US intelligence files on Argentina dictatorship remain secret

May 14, 2011
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“An effort to declassify American intelligence files on Argentina’s dictatorship failed in Congress on Friday in Washington, disappointing rights activists in Argentina who believe the secret documents could help them identify young people stolen as babies by the military junta,” the Associate Press reports:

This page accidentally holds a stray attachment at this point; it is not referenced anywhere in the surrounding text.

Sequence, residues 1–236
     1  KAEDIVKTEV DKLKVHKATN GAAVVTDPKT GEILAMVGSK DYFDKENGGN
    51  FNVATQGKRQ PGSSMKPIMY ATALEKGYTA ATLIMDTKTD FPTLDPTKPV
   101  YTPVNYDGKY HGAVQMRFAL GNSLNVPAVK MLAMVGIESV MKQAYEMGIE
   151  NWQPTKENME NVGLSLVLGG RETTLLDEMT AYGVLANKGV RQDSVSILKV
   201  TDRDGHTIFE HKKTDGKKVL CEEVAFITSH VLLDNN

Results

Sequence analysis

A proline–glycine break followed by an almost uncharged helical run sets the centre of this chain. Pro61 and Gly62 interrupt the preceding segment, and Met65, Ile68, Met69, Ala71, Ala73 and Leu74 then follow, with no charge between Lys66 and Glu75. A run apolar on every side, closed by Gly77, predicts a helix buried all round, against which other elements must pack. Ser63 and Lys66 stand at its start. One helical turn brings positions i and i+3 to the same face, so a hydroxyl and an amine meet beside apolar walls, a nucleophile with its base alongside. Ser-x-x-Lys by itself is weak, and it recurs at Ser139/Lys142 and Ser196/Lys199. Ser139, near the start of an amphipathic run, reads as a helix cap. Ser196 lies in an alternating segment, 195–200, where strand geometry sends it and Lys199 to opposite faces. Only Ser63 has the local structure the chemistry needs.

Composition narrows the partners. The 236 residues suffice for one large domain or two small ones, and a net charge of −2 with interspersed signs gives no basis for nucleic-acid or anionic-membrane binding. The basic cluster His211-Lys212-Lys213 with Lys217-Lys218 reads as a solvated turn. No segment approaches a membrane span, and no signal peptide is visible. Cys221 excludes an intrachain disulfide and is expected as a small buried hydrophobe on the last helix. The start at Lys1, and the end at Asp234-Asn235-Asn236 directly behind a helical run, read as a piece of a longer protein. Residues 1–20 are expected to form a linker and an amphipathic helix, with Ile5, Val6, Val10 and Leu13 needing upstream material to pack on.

The amendment by Representative Maurice D. Hinchey, Democrat of New York, left, was rejected by a vote of 214 to 194. It would have compelled American intelligence agencies to declassify their files on the 1976-1983 dictatorship, which was closely monitored by United States intelligence agencies. A similar amendment in 1999 resulted in the Chile declassification project under President Bill Clinton, which led to the publication of more than 24,000 documents that helped prosecute crimes against humanity committed during the dictatorship of Gen. Augusto Pinochet. Most of the files on Argentina remain secret.

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